The very notion of spring cleaning seems a bit dated to me, but Washington Post writer Daniel Bortz thinks enough people do it that he wrote an article about mistakes to avoid in the process. Don’t keep using the same dirty rag all through the house. Clean from the top of a room down, not from the floor up. Things like that.
Growing up we had no real tradition of spring cleaning. Our mother hated to clean in general, or even to bother straightening up, so we had a pretty chaotic household. Jerry’s mother was a balabosta, a zealous keeper of their home — although I’m not sure she did the keeping, as she had household help. Jerry’s “no pets” mantra was a legacy of his mother’s philosophy; animal hair or dander was a no-no.
Both Jerry and I liked a neat home, if not necessarily a deep cleaned one, and I’ve continued that level of care. When Sara was born and we’d moved to San Gabriel Drive, an older friend got on me about getting cleaning help. She told me I couldn’t very well be a professional woman, a wife and mother, engaged in the community, and attentive to working out and other matters of my own health and still clean on Saturday mornings. Jerry was amenable, so we had a string of people over the years who came in to clean. One was a Jesus freak, and I had to firmly put down her idea that part of her job responsibilities was bringing me to the Lord.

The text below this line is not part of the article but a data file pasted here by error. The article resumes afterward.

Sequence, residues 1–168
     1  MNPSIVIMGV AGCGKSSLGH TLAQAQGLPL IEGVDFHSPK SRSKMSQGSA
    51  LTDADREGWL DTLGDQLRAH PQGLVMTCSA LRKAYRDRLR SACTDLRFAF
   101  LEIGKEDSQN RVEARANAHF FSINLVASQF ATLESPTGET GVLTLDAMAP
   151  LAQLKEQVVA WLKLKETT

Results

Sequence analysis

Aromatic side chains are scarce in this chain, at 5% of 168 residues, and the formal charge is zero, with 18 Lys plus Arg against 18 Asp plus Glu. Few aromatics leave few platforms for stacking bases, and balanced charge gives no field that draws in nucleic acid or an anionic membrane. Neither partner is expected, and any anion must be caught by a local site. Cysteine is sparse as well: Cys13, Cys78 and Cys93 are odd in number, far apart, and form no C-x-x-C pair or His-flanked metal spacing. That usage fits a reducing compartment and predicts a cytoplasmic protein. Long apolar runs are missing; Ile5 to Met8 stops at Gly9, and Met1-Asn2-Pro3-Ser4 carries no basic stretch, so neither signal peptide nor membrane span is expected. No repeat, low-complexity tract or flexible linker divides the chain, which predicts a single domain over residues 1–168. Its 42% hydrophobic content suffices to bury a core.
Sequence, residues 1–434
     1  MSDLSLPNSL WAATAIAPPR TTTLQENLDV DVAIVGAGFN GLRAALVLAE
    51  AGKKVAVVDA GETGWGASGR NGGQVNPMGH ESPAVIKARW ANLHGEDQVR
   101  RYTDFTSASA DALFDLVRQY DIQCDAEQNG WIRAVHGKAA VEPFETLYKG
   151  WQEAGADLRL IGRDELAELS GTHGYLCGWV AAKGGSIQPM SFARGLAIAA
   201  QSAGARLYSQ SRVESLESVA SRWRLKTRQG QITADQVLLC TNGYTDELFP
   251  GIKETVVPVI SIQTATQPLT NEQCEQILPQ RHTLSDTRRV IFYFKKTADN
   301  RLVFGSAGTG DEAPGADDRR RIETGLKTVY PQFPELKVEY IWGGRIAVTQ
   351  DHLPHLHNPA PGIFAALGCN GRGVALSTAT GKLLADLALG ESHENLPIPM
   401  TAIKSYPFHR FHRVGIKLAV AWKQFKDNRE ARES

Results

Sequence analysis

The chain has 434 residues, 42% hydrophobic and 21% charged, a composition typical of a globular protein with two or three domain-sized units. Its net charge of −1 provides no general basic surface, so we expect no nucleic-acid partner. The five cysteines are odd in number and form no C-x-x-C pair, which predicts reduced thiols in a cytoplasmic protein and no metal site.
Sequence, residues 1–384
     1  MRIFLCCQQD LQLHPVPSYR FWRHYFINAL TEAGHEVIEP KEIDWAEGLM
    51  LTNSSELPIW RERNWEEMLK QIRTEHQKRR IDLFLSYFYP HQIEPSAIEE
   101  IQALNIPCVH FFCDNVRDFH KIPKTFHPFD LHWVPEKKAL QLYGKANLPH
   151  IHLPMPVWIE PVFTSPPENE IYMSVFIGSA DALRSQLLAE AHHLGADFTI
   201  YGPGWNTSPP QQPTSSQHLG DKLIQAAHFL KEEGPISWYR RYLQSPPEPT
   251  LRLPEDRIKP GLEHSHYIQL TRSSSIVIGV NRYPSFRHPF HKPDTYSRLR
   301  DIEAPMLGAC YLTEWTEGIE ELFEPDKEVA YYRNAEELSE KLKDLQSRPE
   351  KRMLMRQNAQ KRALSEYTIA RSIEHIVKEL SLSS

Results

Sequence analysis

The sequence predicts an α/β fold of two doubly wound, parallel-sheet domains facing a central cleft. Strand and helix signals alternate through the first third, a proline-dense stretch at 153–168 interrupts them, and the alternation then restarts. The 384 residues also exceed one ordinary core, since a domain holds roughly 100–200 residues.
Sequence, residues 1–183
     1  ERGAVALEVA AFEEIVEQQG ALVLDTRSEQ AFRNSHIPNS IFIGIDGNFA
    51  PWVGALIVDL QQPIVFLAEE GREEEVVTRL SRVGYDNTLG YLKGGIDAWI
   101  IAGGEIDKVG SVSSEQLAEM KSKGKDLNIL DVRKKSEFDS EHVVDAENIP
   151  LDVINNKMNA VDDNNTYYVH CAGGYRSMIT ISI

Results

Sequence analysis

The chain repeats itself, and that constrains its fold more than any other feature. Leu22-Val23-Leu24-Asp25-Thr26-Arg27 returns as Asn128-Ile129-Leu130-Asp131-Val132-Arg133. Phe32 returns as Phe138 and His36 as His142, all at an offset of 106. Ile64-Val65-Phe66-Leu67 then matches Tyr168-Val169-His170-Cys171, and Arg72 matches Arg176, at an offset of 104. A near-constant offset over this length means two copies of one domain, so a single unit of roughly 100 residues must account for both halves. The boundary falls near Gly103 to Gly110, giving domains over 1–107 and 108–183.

As thoughts turn to spring I focus on things like getting the furnace cleaned — I do it at the end of the season, not in the fall, because heating companies are less busy — and changing a lightbulb outdoors that I didn’t want to stand on a step stool in the cold and wind to accomplish. I think of the garden. I don’t honestly think much about cleaning. I read through Bortz’ suggestions, although I don’t plan on needing to apply any of the wisdom.
My person comes every two weeks, and I plan to have her continue her normal routine — which is good enough for me. No spring cleaning happening here. And you?